It’s a typical Welsh characteristic – a refusal to be impressed – that never fails to amuse Rhys, even when he’s on the receiving end … which he is, every time he comes back home and goes to the pub with his school friends. 'They feel almost duty-bound to make sure that if I ever dream or breathe of thinking myself above my station, I should be put back in my place – or lower, just to make sure. It’s almost like 'hazing', as they say in America. You have to go through the first 15 minutes in the pub where you’re torn to bits, and then you can get on with catching up.'
Rhys went to his local Welsh-language comprehensive in Cardiff, where he was the year below his best friend, the actor Ioan Gruffudd. They went to the same chapel, and competed in the same school eisteddfod, the competitive performing in which almost every Welsh child – especially those in Welsh-language schools – takes part.
'We’re kicked onto a stage, or into a pulpit, from a young age,' says Rhys. 'I didn’t always like it as a child, but when you look back, it’s amazing. That level of celebration of culture, combined with a sense of tradition and history – it’s great, as long as it keeps evolving. And even if you hate being on stage, somewhere in your psyche it will help you. It encourages confidence and teamwork, which sounds like corporate cliché, but I genuinely believe it.'
Rhys followed Gruffudd to the Royal Academy of Dramatic Art (RADA) an experience they found both priceless and shockingly hard. While their friends who went to university seemed to be living lives of raucous freedom, RADA was a gruelling six days’ work a week, plus long nights learning lines. Is this why British actors don’t go off the rails in a way that young American stars seem to? 'Perhaps,' says Rhys. 'I’ve been having this discussion a lot recently. Why are there so many British actors out there, much to the annoyance of American actors? One producer said to me, 'It’s because you’re far more ready just to turn up and do it,' and I wonder if it comes from that discipline that’s been instilled, of knowing that you have to.' '
Welsh actors in Hollywood
He’s also amused by the Hollywood habit of casting Brits as villains, but then he’s got a fantastic villain on his own CV: Rhys was the murderer on the last-ever episode of Columbo, the popular whodunnit. How on earth did that happen?
'I’d worked with Peter Falk on a thing called The Lost World with Bob Hoskins and James Fox, and Peter said [cue a flawless impersonation], ‘I’m doing another Columbo. Why don’t you come and be a murderer?’ On the first day of rehearsal, I asked him, ‘Where do you want my character to be from?’ And he said, ‘London, like a Cockney gangster.’ So I’m doing my best Cockney, and about 20 minutes go by and he stops me and says, ‘Where are you from?’ And I say, Cardiff in Wales, and he goes, ‘Why don’t you make him a Cardiff gangster?’ I can’t even pull the wool over Peter Falk’s eyes with my bad Cockney! So that’s why there’s a Cardiff murderer in the last Columbo.'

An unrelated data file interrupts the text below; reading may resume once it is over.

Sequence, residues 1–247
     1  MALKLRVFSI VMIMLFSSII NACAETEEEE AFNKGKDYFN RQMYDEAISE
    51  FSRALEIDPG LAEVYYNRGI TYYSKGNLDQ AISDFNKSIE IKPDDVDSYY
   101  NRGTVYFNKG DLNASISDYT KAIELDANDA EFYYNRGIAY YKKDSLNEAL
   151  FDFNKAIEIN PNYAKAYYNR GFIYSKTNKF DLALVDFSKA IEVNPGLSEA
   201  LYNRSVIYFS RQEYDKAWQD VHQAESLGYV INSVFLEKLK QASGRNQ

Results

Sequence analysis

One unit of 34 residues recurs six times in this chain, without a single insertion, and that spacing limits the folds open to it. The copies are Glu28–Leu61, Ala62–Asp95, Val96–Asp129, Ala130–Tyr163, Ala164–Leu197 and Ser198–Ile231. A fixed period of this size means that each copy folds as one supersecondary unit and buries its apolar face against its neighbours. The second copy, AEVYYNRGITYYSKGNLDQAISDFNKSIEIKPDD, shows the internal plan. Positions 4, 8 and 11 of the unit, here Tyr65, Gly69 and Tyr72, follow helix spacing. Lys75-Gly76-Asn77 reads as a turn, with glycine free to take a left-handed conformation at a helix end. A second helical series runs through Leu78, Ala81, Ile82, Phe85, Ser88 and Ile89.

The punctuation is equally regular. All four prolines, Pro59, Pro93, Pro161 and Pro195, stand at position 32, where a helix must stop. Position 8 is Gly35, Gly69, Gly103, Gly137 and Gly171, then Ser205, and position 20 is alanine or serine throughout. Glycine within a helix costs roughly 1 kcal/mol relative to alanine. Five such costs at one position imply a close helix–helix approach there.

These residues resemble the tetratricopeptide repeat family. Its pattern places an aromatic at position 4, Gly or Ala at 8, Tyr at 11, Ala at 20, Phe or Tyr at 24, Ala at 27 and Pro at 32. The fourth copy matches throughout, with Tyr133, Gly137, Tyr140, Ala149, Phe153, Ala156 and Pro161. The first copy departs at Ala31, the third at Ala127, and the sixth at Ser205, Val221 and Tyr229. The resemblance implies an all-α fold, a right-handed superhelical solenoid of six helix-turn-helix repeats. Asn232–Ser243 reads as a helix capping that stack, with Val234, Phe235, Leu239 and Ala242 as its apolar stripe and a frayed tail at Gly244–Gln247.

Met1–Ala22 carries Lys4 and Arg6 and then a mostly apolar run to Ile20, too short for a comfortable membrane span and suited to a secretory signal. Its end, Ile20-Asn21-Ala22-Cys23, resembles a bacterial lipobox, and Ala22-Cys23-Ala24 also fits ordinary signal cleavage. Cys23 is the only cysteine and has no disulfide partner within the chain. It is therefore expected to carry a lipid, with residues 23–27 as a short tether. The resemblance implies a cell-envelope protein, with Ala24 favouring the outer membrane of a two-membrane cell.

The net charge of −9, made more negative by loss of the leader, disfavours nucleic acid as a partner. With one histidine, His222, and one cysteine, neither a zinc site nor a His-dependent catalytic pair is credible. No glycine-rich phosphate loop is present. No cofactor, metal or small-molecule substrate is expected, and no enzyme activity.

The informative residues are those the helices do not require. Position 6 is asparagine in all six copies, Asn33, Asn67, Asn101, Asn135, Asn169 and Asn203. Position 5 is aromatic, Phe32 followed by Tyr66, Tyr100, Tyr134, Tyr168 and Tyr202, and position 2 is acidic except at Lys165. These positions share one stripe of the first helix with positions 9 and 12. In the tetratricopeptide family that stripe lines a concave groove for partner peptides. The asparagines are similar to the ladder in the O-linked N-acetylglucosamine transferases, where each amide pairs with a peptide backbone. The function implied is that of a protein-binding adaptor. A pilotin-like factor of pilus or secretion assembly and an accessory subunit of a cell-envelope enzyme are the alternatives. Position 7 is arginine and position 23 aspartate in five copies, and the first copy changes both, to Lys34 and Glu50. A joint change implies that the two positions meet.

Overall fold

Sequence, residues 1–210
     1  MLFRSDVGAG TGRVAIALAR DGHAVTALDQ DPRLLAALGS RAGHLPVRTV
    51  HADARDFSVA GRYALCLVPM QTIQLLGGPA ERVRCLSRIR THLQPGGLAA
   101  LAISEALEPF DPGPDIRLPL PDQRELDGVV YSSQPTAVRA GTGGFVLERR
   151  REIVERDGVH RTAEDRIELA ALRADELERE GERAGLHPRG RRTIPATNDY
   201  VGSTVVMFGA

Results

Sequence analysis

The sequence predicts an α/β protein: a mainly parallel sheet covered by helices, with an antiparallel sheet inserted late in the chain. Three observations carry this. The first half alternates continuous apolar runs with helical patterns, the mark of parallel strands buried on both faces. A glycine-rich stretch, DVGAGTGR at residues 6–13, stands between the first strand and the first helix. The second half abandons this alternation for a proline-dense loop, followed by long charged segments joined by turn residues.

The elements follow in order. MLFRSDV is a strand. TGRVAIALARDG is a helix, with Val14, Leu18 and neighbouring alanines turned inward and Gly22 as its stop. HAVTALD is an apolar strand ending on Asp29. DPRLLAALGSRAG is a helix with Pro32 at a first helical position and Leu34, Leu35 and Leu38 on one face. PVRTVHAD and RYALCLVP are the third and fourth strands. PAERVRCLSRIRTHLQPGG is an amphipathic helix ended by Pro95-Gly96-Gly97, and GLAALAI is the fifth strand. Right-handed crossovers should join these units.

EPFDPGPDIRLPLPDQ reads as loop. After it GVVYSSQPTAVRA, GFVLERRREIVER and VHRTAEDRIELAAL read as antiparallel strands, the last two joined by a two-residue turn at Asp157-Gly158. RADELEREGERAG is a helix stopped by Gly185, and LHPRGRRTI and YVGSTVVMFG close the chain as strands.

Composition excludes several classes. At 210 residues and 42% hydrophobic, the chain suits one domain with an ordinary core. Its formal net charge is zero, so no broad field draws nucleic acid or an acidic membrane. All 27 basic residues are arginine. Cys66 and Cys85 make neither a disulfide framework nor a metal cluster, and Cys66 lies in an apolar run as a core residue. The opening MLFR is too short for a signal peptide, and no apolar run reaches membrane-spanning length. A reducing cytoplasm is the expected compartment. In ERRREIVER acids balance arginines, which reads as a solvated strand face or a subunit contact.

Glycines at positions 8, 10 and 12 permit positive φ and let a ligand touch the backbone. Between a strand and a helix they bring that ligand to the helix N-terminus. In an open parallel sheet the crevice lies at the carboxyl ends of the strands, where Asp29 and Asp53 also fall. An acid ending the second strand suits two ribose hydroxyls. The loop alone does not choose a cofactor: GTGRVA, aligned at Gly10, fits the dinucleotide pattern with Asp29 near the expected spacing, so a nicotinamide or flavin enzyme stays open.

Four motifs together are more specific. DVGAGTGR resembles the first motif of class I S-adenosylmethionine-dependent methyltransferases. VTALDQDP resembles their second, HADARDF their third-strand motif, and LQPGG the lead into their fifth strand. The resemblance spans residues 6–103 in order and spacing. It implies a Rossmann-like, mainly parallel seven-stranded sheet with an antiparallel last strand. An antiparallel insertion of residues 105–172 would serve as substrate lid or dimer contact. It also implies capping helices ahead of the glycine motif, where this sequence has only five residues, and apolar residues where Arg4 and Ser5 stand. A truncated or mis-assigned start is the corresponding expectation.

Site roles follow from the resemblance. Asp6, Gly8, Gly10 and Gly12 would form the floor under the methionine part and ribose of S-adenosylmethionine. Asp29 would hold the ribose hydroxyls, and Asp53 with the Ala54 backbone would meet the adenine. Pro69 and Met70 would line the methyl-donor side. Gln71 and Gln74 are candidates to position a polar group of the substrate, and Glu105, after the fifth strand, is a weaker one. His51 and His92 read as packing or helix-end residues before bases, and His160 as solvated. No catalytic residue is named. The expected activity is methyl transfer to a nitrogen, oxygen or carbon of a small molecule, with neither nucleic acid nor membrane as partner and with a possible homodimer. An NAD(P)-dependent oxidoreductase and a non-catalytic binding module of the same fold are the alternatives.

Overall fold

Rhys is now based in Los Angeles, where he’s part of an entire tribe of Welsh actors that includes Ioan Gruffudd, Michael Sheen, Andrew Howard and Catherine Zeta Jones.
'I discovered an even greater group of Welshies there during the Six Nations [rugby championship],' says Rhys. 'There’s a pub in Santa Monica called the King’s Head that shows the games live, usually at around 5.30am. I remember walking in and there’s a sea of red, and suddenly there’s this ready-made Welsh community. There are a lot of boys from Merthyr working in construction there, strangely.' Welshness – and especially the Welsh language – is still central to who Rhys is. It’s also why, on this precious weekend off in Cardiff, he’s doesn’t mind pitching in to help … by opening major festivals at a moment’s notice, for instance.
'I’m happy to support when I can,' says Rhys. 'Welsh is my first language, it’s what I speak to my family and to friends like Ioan. I was honoured to open Tafwyl because it does a great thing, it’s just an open festival, it’s free, and it’s in the middle of Cardiff. If you speak Welsh, great, come and use it. And if not, come along and enjoy the festival anyway. I hope it breaks down boundaries. Being asked to do this kind of thing still tickles me, though. There’s always someone at the back I know, one of my school friends, who catches my eye and does this…'
At this point Rhys mimes a series of magnificently obscene gestures that, mercifully, cannot be recreated in print. 'It’s the Welsh putting me back in my place.' He laughs again. 'Happens all the time!'